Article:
Day two of the Shanghai International Fruit Expo was well visited

Chinese fruit market changed during the pandemic

The second day of the Shanghai International Fruit Expo was another success. The expo floor was bustling as before, and crowds of visitors enjoyed a wide variety of company booths. The theme of this expo is 'Global fruit, Chinese market'. This expo is specialized in the Asia-Pacific region, but brings together high-quality fruit from all over the world to promote developments and innovations in the fruit industry.

The number of visitors was low compared to similar expositions prior to the outbreak of Covid-19, but the proportion of industry specialists was much higher. "Our booth was very busy on the first day of the expo. We had visitors with interest in our products who came to ask questions, and we had colleagues who came to socialize," said the representative of one participant company. Another added, "we have not had an expo of this size during the pandemic. One of our aims is to promote our products during the expo, but we are also taking advantage of this opportunity to reconnect with old friends and meet new friends in the industry."

This edition of the Shanghai International Fruit Expo primarily features domestic companies due to pandemic restrictions. Some of the participant companies own plantations in China and focus on export, while others are involved in import services in one way or another. Some have many years of experience in fruit import, and even own plantations in overseas production areas, while others are searching for new import partners to expand their own product lines.

One member of the organizing committee, Mr. Huang, talked about the impact of the pandemic on the Shanghai International Fruit Expo, as well as changes in the Chinese fruit market caused by the pandemic.

First, the mix of imported fruit products in the Chinese market changed during the pandemic. "The outbreak of Covid-19 complicated international distribution of fruit products. There was a shortage of shipping containers. Cargo space was scarce. Shipping costs soared. Operations in production areas were interrupted or delayed. Customs procedures were extended due to additional preventative measures and disinfection. And the occasional positive test of Covid-19 traces on the packaging of import products further added to the chaos. All of these developments created new headaches for importers," explained Mr. Huang.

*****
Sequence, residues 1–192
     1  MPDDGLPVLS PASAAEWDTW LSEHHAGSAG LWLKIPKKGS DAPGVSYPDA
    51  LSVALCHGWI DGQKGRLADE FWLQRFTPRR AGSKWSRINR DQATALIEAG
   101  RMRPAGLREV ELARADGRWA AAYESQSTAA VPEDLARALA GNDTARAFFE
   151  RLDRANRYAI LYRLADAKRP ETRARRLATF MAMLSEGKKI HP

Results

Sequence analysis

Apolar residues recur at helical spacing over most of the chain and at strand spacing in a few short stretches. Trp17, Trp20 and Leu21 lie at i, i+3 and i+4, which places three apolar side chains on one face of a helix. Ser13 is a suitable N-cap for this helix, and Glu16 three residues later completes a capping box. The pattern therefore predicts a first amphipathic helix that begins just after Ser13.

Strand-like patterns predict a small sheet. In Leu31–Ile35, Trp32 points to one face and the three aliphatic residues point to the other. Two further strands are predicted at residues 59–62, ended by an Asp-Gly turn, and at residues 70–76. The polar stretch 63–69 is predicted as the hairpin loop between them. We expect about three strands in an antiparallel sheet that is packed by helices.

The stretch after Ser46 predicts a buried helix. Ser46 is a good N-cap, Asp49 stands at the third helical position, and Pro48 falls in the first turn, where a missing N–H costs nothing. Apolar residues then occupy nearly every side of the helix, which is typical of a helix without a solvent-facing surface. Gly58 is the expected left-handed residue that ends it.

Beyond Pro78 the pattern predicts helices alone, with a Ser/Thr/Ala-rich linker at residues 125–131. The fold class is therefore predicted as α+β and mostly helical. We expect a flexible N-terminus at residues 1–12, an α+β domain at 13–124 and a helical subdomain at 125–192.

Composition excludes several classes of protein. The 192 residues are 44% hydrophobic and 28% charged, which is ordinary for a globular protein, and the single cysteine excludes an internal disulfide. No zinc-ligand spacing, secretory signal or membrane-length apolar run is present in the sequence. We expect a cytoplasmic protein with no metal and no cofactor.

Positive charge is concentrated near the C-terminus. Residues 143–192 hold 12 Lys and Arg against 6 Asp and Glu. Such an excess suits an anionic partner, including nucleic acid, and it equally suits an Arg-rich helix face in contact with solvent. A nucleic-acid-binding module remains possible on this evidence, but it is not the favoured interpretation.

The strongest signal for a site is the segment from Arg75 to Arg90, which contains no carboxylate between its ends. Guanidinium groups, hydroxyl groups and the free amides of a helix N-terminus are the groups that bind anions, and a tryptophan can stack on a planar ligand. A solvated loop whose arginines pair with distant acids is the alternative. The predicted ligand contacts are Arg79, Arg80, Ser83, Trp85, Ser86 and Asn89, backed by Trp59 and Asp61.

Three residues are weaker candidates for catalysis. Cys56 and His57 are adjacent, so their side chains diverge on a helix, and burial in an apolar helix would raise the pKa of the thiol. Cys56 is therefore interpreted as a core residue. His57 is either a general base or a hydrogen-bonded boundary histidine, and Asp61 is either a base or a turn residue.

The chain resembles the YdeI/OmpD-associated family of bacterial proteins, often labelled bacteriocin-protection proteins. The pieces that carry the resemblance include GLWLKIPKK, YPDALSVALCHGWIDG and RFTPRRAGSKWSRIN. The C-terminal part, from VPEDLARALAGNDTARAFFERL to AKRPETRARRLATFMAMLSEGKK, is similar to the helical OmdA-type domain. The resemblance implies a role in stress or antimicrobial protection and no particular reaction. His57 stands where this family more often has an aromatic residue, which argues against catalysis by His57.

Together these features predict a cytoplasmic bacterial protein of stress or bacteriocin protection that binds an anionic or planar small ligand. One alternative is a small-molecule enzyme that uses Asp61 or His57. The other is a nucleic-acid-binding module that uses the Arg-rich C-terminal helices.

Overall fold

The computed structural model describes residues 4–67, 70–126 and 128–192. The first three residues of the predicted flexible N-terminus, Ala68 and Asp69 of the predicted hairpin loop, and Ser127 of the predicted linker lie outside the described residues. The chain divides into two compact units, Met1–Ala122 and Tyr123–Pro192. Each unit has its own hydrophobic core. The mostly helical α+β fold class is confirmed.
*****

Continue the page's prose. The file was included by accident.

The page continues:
"As a result, the mix of import fruit products in the Chinese market changed. The most significant change was a reduction in import fruit from temperate zones and an increase in import fruit from tropical regions. That is because most temperate zones are more distant, and the rising shipping costs reduced their competitive market advantage. Tropical fruit, especially fruit from Thailand and Vietnam, had a shorter distance to travel, and therefore gained a competitive advantage over import fruit from production areas farther away."

Second, China has already been through a period where 'supply does not meet demand', but that time is over. The Chinese market and the traders in that market have matured and become more international.

"The easy times are over for importers and wholesale traders. It is no longer sufficient to own a booth in a market and wait for customers to come to you. Companies that can not guarantee a steady supply of top-quality fruit are being phased out of the market. The deck of cards is being shuffled, and only the fittest survive. Even the survivors have to work hard to transform and excel. Traders have to make the leap from pure 'wholesale traders' to comprehensive 'supply chain managers'. This transformation includes services for investors, and the requirements for management capacity are much higher. The process is difficult, but like a butterfly breaks from its cocoon, the victors will reap their rewards."

The organizing committee held a festive banquet on the first day of the expo to express their gratitude to everyone involved. The guests gathered in a large hall for dinner and freely talked about developments in the industry.

"Fruit retail is still rather old-fashioned. Buyers and sellers require in-person social exchanges. The brands whose representatives were able to attend the expo and interact with Chinese clients have an advantage over the companies who were unable to visit China. We hope that many overseas fruit suppliers see the Chinese market potential and come to Shanghai for an open talk about developments in the industry," said Mr. Huang.

For more information:

Mr. Huang - Organizing committee member

Shanghai International Fruit Expo



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